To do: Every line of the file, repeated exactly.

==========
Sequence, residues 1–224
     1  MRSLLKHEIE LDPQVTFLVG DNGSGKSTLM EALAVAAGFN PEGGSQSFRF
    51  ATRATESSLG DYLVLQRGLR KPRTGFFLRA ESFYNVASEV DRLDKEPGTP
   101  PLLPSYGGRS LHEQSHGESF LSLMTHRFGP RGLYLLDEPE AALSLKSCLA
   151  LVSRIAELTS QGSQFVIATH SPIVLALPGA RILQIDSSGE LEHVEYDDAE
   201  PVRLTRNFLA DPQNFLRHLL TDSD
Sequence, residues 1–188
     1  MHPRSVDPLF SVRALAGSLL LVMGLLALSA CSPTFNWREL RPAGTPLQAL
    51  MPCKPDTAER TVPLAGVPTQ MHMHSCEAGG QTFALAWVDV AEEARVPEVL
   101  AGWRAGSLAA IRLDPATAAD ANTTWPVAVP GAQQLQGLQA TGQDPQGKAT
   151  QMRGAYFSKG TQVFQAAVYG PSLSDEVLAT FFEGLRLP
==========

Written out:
Sequence, residues 1–224
     1  MRSLLKHEIE LDPQVTFLVG DNGSGKSTLM EALAVAAGFN PEGGSQSFRF
    51  ATRATESSLG DYLVLQRGLR KPRTGFFLRA ESFYNVASEV DRLDKEPGTP
   101  PLLPSYGGRS LHEQSHGESF LSLMTHRFGP RGLYLLDEPE AALSLKSCLA
   151  LVSRIAELTS QGSQFVIATH SPIVLALPGA RILQIDSSGE LEHVEYDDAE
   201  PVRLTRNFLA DPQNFLRHLL TDSD
Sequence, residues 1–188
     1  MHPRSVDPLF SVRALAGSLL LVMGLLALSA CSPTFNWREL RPAGTPLQAL
    51  MPCKPDTAER TVPLAGVPTQ MHMHSCEAGG QTFALAWVDV AEEARVPEVL
   101  AGWRAGSLAA IRLDPATAAD ANTTWPVAVP GAQQLQGLQA TGQDPQGKAT
   151  QMRGAYFSKG TQVFQAAVYG PSLSDEVLAT FFEGLRLP